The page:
What’s Really Wrong With the Emmy Awards

The nominations for the 2011 Emmy Awards were officially announced today, and as usual most casual conversation instantly turned to the snubs. While I could go through all the reasons why people like Nick Offerman or Sean Bean deserve nominations, those likely will be done to death by the end of the week.

And really, the snubs themselves aren’t the problem. They are just the symptoms of a larger disease that plagues the entire Emmy process.

The Primetime Emmys have always involved far too much politicking. There are some actors and shows the voters absolutely will never recognize regardless of quality, and there are others they will nominate every year. The voters seem to treat nominations like a statement on series as a whole, when they are supposed to be focusing strictly on the past season.

The result is something similar to what happens with All-Star Games in professional sports. Since the fans – who are the most biased people you could possibly ask to decide such honors – get to vote, they just pick their favorite players.

That’s how Derek Jeter gets elected to the MLB All-Star Game despite a subpar year, or Yao Ming gets elected to the NBA All-Star Game despite suffering a season-ending injury that also essentially ended his career.

It’s also how Glee and Hugh Laurie end up on the ballot again when their respective shows have seen significant dips in quality recently. The Emmy voters are just biased when making selections as random fans are for All-Star games.

It doesn’t help that the pool of Emmy voters looks something like a retirement home. That rewards TV shows that skew older, which normally is the exact opposite demographic for which shows aim. The most prized group for advertisers is males 18-35, not males 50+.

If the inherent bias of the voting body isn’t enough, the Emmy process is also hamstrung by the required selection of one highlight episode. Each actor is required to submit one example of their best work that season, which is an absurd way of doing things.

Even in the midst of a mediocre season, a show still can be capable of knocking one episode out of the park. So such a show can easily steal the spot of a competitor that consistently provided high quality all season.

That’s like actors being forced to choose one five-minute clip from a film to put forward for consideration as Best Actor at the Oscars and ignoring the other 90 minutes of the film. It’s ridiculous.

The process is especially damaging for drama actors. I’ll use the example of Emilia Clarke of Game of Thrones. The best part of her Season 1 performance was her portrayal of her character’s transformation from fearful and abused sister to powerful and confident warrior queen.

But how can any of that be shown to the Emmy voters if all they ever see is one episode? They may appreciate the performance of that one hour, but have no idea how well Clarke showed a full range of emotions and characteristics across a season.

The greatest indictment of the Emmy system actually comes courtesy of the Television Critics Association, which provides its own awards. That body of writers consists of vastly different ages and tastes, but contains people paid to maintain their objectivity.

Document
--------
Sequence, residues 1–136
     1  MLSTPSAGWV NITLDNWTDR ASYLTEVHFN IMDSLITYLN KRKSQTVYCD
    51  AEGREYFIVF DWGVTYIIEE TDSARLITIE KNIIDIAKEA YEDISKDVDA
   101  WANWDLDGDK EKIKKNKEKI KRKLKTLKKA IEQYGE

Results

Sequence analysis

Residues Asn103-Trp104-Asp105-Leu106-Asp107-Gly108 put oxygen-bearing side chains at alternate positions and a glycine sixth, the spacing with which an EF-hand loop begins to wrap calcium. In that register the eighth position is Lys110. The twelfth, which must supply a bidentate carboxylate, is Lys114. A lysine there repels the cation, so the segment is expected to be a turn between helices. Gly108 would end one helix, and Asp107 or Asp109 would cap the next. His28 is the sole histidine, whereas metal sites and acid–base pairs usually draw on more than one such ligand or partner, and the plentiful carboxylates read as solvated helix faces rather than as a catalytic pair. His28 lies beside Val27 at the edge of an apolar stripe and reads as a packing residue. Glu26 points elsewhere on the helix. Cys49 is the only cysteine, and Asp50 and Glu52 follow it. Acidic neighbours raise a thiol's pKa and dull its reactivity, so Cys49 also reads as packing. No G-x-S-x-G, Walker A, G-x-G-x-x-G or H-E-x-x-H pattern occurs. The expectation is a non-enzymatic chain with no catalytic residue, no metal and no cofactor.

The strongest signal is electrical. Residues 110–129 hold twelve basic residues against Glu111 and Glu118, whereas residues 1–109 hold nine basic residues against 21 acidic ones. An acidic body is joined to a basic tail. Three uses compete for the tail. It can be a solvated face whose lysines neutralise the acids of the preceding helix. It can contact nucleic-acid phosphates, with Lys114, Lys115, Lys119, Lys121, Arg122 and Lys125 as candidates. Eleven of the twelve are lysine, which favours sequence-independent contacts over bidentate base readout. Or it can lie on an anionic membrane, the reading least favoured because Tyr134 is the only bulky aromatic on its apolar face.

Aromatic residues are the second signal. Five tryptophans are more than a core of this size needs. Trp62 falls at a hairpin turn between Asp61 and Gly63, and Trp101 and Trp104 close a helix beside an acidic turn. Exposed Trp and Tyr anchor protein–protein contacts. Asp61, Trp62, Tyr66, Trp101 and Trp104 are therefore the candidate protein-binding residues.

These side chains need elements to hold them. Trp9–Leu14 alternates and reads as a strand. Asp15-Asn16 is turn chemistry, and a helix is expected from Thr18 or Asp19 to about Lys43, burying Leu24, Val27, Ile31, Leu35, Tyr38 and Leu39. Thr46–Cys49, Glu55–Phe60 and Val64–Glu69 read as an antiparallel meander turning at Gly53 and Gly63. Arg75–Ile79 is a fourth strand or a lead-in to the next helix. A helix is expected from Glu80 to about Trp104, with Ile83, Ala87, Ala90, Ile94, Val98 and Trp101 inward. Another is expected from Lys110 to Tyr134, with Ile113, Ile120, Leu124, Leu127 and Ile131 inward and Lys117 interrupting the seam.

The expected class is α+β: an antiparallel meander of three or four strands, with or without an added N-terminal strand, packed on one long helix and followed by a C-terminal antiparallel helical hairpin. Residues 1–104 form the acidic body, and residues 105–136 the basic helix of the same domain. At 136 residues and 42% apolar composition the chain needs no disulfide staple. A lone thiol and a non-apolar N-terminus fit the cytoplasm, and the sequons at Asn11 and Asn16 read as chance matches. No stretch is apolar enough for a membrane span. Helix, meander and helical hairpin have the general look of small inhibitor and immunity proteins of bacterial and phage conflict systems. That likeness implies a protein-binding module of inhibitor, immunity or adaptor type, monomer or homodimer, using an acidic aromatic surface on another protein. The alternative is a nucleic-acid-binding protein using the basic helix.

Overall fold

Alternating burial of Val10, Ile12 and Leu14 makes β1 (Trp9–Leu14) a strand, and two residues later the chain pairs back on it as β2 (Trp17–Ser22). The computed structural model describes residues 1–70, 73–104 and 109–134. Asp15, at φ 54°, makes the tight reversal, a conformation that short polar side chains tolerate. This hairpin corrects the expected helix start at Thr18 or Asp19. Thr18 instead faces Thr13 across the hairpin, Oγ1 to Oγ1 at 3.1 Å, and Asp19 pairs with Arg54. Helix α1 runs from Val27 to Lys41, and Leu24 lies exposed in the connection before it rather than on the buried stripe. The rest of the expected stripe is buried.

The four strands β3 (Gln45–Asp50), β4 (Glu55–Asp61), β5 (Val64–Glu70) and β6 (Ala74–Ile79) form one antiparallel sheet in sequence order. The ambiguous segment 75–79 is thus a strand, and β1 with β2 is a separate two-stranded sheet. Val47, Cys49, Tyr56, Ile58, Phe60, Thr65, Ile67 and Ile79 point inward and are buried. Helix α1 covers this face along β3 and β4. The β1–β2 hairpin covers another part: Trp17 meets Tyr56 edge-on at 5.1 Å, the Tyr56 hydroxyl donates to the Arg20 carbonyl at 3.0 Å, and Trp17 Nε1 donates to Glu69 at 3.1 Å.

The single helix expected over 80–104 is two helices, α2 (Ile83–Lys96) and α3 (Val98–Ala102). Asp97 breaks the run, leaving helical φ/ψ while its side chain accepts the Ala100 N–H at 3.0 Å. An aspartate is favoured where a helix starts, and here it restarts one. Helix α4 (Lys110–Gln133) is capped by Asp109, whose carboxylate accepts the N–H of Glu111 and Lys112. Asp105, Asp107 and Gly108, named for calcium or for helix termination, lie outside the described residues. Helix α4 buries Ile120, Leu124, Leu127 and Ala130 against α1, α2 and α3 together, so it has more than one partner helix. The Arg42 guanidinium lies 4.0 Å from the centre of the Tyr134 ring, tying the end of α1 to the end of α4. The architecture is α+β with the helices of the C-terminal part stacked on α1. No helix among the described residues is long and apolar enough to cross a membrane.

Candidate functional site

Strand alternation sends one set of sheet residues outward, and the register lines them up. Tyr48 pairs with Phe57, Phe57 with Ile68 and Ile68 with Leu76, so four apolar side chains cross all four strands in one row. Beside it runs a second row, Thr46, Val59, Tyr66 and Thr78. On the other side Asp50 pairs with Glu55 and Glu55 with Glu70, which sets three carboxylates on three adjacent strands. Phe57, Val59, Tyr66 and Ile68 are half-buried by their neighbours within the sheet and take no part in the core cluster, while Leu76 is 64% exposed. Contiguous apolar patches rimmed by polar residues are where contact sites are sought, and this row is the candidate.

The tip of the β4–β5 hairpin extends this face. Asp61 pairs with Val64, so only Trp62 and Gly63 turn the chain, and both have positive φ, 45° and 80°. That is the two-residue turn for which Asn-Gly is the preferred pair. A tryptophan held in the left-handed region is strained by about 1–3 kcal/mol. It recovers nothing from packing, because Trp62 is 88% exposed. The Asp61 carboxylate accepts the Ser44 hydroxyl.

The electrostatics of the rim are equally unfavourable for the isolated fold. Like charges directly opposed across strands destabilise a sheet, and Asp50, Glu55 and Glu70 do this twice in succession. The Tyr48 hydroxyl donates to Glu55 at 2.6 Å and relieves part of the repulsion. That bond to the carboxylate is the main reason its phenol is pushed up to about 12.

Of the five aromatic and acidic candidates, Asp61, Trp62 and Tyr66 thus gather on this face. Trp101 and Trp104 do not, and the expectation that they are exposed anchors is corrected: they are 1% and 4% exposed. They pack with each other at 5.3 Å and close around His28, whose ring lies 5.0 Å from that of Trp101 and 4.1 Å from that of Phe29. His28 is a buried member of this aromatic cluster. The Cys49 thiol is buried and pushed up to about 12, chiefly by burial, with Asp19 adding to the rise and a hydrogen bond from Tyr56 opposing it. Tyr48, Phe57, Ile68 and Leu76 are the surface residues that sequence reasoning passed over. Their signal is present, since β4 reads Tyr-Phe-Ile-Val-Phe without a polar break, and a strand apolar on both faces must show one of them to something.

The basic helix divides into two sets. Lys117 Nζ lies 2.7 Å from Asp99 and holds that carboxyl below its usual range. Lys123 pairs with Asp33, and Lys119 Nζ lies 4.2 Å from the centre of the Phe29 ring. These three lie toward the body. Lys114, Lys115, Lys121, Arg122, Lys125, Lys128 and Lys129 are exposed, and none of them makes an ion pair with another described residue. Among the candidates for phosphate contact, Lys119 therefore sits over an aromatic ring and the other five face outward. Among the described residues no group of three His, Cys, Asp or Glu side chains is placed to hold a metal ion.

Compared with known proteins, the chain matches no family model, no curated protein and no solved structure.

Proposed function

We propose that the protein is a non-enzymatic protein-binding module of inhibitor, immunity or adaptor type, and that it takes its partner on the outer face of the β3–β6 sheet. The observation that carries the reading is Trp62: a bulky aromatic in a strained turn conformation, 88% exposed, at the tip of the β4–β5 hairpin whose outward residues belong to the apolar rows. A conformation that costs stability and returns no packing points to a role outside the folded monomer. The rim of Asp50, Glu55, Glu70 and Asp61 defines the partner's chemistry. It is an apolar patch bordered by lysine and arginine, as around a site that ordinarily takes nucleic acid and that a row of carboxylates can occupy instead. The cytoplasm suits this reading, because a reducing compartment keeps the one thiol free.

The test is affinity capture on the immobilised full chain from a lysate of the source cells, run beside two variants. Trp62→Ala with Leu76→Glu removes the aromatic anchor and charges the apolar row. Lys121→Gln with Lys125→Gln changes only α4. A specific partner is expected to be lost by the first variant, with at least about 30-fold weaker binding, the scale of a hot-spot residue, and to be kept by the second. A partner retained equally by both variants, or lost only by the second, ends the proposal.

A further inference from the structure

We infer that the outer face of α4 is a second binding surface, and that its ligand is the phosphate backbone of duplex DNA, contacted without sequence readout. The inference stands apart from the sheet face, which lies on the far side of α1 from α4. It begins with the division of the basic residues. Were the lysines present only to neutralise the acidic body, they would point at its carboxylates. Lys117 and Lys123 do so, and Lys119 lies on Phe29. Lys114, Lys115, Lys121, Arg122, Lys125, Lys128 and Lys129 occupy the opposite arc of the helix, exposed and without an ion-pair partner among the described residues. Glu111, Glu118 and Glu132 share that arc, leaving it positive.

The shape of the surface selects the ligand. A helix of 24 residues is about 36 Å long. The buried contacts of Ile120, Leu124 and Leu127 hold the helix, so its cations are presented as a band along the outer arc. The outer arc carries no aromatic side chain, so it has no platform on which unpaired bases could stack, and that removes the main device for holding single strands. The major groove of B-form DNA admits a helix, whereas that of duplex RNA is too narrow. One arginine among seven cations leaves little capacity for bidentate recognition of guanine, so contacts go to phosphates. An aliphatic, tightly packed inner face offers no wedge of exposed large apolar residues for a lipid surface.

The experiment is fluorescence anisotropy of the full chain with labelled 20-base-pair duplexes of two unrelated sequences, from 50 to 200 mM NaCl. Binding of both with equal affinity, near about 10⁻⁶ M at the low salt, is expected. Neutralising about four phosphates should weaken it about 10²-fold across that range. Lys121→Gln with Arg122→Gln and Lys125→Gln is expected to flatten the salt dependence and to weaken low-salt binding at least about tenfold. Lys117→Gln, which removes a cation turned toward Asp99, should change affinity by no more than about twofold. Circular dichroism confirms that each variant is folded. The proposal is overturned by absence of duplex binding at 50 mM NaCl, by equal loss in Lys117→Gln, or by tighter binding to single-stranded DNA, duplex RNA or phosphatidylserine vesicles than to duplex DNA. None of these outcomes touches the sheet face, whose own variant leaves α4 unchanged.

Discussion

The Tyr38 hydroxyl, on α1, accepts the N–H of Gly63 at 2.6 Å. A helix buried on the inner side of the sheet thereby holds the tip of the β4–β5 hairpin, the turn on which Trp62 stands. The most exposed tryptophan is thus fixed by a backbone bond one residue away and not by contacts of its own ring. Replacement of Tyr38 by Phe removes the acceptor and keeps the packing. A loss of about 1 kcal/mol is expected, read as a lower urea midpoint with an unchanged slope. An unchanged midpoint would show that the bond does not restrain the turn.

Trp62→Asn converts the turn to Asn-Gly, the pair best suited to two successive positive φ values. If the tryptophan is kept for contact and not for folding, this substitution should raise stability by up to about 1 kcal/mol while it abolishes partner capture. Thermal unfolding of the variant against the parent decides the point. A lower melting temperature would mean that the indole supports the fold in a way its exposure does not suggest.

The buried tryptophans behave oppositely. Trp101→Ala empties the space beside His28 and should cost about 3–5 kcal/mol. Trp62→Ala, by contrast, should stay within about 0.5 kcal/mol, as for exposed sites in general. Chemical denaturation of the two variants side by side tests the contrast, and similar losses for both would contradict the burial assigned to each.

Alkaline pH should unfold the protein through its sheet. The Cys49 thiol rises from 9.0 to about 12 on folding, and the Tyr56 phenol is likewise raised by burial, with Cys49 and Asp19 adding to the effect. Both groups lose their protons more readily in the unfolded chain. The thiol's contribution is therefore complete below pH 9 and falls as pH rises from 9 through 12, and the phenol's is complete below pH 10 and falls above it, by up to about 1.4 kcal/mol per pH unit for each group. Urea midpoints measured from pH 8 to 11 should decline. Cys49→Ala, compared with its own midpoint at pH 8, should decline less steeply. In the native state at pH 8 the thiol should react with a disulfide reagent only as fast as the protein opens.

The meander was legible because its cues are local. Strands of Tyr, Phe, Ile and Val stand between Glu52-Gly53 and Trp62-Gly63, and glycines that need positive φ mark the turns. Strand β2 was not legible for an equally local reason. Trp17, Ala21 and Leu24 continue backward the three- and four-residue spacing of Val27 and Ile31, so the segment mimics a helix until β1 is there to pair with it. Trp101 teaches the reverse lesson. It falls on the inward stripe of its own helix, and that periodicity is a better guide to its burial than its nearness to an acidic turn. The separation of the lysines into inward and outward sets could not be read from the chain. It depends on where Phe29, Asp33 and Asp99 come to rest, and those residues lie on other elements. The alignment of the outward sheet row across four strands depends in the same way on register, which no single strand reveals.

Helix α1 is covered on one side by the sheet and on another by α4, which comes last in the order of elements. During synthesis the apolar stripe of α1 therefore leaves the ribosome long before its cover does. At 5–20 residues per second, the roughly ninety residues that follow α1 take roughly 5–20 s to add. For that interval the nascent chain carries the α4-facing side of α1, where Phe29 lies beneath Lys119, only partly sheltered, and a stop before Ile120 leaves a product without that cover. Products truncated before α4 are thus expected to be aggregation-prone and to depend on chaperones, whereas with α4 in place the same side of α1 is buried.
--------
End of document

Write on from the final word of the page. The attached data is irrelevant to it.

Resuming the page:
The result is a much more diverse and interesting group of nominees. Shows like Community and Terriers receive the recognition they so richly deserve but will never receive from the Emmy voters just because they lack star power or hit status.

But unlike the critics association, it seems that Emmy voters cannot be troubled to keep up with a variety of shows or make themselves aware of full seasons. So why are they being trusted to decide who they should honor? They have no grasp on the industry on which they are voting.

The snubs and ridiculous inclusions will continue every year because they are a byproduct of the system itself. Until the voting body is diversified or its subjectivity combated, nothing will change. And unfortunately that will never happen.

This Year’s Emmy Ridiculousness:

Glee Nominated for Best Comedy Series

I get that the series is much beloved, and I’ll admit that the first season had some solid moments deserving of credit. But the show has devolved into a mess that even critics no longer fully support. The show employs talented singers and choreographers, but the plotlines and dialogue are absolutely horrendous. It should be considered a musical or variety show rather than a comedy.

Modern Family Receives Four of the Six Supporting Actor Nominations

Modern Family is consistently the funniest and most well-written sitcom on network television. I have no problem with any of the awards it wins, because it deserves them all. But it should not receive nominations for every actor involved in it.

I’m fine with two actors and two actresses getting nods, but frankly it’s unfair to essentially shut out every other show just to stuff the box with Modern Family nominations. At this point it seems like the voters would just feel bad singling out one or two actors to not receive nominations, so they just include everybody. While they leave out people who know they would never win, but would be deeply honored just to be nominated.

Harry’s Law Receives Two Nominations

Here is by far the best example of the Emmys skewing old. Kathy Bates received a nomination for Best Actress in a Drama Series for Harry’s Law, which can only hope to one day be called mediocre television. Bates took a place that could have been given to Katey Sagal for Sons of Anarchy or Emmy Rossum for Shameless. The only reason for Bates’ nomination is that she’s Kathy Bates. Harry’s Law now has been honored with the same number of nominations as The Wire. Just think about that for a second.


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